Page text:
Home > Military, Omaha, Rear Admiral Douglas McAneny, U.S. Navy, U.S. Stretegic Command > Smooth sailing: Rear Admiral McAneny’s amazing Navy journey

Smooth sailing: Rear Admiral McAneny’s amazing Navy journey


UPDATE: In 2013 HDR named the subject of this story, then-Rear Admiral Douglas J. McAneny, the company’s Federal Business Group Director based in Washington D.C.

Smooth sailing: Rear Admiral McAneny’s amazing Navy journey

©by Leo Adam Biga

Originally appeared in 2011 issue of Omaha Magazine

 

The military brought Rear Admiral Douglas McAneny here in 1967 at age 12 when his Air Force father was stationed at Offutt Air Force Base. As a University of Nebraska-Lincoln engineering student, McAneny attracted the Navy’s attention. After joining the nuclear propulsion program in 1978, the service swept him away.

A steady rise through the ranks brought McAneny back in 1998 when assigned to U.S. Strategic Command at Offutt. He left again in 2000 for new posts, including executive assistant and senior Naval aide to the commander of the U.S. Pacific Fleet at Pearl Harbor, Hawaii.

Now, the service is returning him again, as special guest for the September 6-11 Omaha Navy Week celebration. This marks his third time home for the event, which features demonstrations, concerts and community service projects. 

“It’s something we’re asked to do — to go back to the state where we’re from, and it’s something I very much enjoy doing,” he said by phone from his Commandant office at the National War College in Washington, D.C.

“It’s all about putting a face on the contribution our Navy is making in support of the nation’s defense, but it’s also about thanking the great state of Nebraska for its young men and women serving today in our Navy and military.”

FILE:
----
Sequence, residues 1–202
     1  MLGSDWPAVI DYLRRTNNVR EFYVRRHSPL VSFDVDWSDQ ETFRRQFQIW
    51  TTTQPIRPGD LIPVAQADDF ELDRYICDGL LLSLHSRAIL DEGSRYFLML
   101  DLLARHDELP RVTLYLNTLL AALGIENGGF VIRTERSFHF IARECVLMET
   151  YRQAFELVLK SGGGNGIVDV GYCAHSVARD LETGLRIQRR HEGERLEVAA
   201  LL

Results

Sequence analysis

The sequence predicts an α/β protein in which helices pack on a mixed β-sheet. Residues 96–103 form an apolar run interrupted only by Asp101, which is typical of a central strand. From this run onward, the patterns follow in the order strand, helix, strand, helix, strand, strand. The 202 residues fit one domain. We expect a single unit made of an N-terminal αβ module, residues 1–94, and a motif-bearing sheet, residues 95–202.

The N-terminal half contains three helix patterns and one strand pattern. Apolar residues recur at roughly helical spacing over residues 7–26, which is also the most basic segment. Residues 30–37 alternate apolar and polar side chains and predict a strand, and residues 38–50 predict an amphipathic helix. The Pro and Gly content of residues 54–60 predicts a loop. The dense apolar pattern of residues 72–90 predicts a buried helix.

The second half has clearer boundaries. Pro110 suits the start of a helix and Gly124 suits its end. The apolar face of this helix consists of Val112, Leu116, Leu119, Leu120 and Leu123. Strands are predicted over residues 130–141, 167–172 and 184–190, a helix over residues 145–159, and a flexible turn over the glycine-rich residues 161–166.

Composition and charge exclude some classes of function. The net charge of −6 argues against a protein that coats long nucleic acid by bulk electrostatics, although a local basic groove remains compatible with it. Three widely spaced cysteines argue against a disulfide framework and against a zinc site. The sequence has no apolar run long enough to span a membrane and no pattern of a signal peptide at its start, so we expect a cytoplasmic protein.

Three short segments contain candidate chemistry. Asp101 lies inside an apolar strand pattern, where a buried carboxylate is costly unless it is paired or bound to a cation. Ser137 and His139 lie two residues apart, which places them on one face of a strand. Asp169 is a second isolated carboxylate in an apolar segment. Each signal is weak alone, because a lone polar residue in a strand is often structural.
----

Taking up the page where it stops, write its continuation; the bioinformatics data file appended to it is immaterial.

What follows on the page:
Much of McAneny’s 33 year career has been in submarines.

“I was trained as a submarine force officer. I’ve been afforded the opportunity to command at many different levels in the Navy in support of submarines and the contribution they make to our maritime strategy. I’ve worked alongside the submarine force as well.”

 

File:US Navy 100625-N-3090M-130 Rear Adm. Douglas McAneny, commander of Submarine Force, U.S. Pacific Fleet, salutes for the Admiral's March and 13-gun salute.jpg

 

He’s done it all in a much-decorated career, even working on the Joint Chiefs staff. But nothing quite matches commanding a vessel at sea.

“One of the great highlights of my career was commanding a ship at sea,” says McAneny, who helmed the attack submarine USS Philadelphia after years honing his craft.

“I enjoyed my time at sea, but it’s a young man’s game. I had my opportunity. It was very fruitful and rewarding, but I don’t begrudge the fact we all have to move on and do other things.” 

He assumed his current post at the National War College, a part of the National Defense University, in January.

“Timing being everything, it was my time to rotate back to Washington, D.C., and this billet was available. It suits my background and experience as both a Naval officer and a member of the Joint world, and so when offered the position as commandant, I was excited and happy to take it.

“We not only educate uniformed military members in the Army, Navy, Air Force, Marine Corps and Coast Guard, but also our interagency partners — the Departments of State, Treasury, Homeland Security. I have a great opportunity to shape the curriculum we offer. I also take an active role in teaching. I’m working with the best and brightest students our military and government have to offer. They really are tomorrow’s leaders.”

A life in the service has brought immense satisfaction.

“I’ve enjoyed every minute of my time in the Navy,” he says. “It’s been much more than I ever could have imagined. I’m so gung-ho I even got my son to join. As a Navy family, my wife and three children have had the challenge of moving over 20 times, but they all took to that like ducks to water.” 

There’s no telling when his ship may sail again, but he’ll go wherever duty calls.

For Navy Week details visit http://www.navyweek.org.

 
 
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